For people with stubborn wounds that won’t heal or radiation treatment injuries, St. Luke’s University Health Network has had a team of specially trained physicians ready to offer care from Tamaqua to Quakertown. Now, you can add Lehighton to the list.
What: The public and news media are invited to tour St. Luke’s Wound Management & Hyperbaric Center–Lehighton.
Where: 525 Iron Street.
When: From 3 to 6 p.m. on Thursday, May 2.
In addition, guests may register for a free foot screening by a licensed podiatrist or a wound care physician. Appointments are required. To register for the open house or to schedule a foot screening, call St. Luke’s InfoLink at 1-866-STLUKES (785-8537), option 4.
In January, St. Luke’s University Health Network reopened the center after extensive renovations. The center was once operated by Blue Mountain Health System, which merged with St. Luke’s University Health Network in 2018.
The Lehighton facility is now one of six Wound Management & Hyperbaric Centers operated by St. Luke’s. Other locations are in Allentown, Bethlehem, Quakertown, Tamaqua and Phillipsburg, N.J.
The centers specialize in treating wounds caused by diabetes (especially foot wounds), trauma, disorders of the veins and arteries of lower extremities, pressure-related injuries and complex surgery.
At the Lehighton center, the top-down makeover didn’t stop at new walls, carpeting and office furniture. St. Luke’s relocated two hyperbaric chambers – medical devices long-associated with saving the lives of SCUBA divers suffering from decompression illness. Today, hyperbaric medicine is now commonly used to treat a growing number of illnesses, including wounds. One unit is up and running and the other is undergoing certification.
Steven Bowers, DO, network medical director of Wound Care and Hyperbaric Medicine, said St. Luke’s decided to reopen the wound center and add hyperbaric chambers after seeing how many patients from the area were venturing to its Allentown and Bethlehem centers for treatment.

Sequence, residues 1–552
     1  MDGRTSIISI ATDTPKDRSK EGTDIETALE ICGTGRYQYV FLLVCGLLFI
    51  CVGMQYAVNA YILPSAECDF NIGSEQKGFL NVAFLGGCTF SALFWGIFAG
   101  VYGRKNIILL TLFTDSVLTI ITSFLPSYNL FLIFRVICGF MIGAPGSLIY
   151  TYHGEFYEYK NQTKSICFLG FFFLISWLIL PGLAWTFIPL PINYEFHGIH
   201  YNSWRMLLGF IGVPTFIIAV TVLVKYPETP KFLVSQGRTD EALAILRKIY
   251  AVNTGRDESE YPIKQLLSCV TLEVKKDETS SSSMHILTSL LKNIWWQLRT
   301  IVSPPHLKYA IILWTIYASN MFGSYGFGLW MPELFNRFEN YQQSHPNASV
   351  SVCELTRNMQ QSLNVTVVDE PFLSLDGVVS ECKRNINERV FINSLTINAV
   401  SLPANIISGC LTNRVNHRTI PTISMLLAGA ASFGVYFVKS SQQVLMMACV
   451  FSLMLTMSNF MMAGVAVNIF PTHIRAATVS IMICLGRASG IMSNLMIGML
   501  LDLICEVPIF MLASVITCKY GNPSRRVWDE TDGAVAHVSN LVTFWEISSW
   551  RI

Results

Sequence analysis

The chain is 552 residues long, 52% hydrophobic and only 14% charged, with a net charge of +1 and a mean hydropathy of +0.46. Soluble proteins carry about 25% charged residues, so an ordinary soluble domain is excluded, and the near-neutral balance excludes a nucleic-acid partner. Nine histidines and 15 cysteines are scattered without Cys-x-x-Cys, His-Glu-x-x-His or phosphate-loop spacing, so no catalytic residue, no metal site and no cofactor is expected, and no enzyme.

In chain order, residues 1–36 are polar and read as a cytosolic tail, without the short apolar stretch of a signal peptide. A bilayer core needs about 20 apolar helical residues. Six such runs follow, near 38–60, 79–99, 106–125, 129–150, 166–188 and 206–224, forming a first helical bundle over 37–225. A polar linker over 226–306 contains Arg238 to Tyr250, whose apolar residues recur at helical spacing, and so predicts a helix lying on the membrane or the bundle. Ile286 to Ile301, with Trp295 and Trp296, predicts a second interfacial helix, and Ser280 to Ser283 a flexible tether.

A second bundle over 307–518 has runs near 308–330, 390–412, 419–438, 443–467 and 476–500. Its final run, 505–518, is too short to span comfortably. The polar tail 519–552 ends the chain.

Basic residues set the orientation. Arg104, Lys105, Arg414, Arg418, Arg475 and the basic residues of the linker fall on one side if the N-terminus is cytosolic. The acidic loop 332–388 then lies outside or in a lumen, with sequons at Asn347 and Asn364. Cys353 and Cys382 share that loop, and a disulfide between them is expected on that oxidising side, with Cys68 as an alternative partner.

Hyperbaric oxygen therapy is a non-invasive procedure that stimulates the repair of damaged blood vessels and tissue through exposure to pressurized, pure oxygen. Dr. Bowers explained that the process helps drive oxygen more quickly into the liquid part of the blood bypassing red blood cells. In turn, it helps grow new blood vessels that will flow blood into and rejuvenate damaged tissue.
During treatment, patients lie in a long, clear acrylic chamber that is pressurized at up to 2.5 times the normal level and filled with 100 percent oxygen. In comparison, room air consists of about 21 percent oxygen.
Patients undergoing this type of therapy typically receive 30-40 treatments, each of which last two hours. Usually, patients sleep or watch TV while the oxygen is administered, Dr. Bowers said.
Most patients undergoing the hyperbaric oxygen therapy have had radiation treatment for cancer and are now suffering from delayed radiation injury, a condition in which tissue surrounding the cancerous site becomes damaged from the treatment, he said. About 5 percent of patients undergoing radiation experience a related injury. For them, hyperbaric oxygen therapy is the only treatment available for relief from the condition that causes pain and bleeding.
Patients suffering from diabetic foot ulcers that won’t respond to traditional treatment may also benefit from hyperbaric oxygen therapy.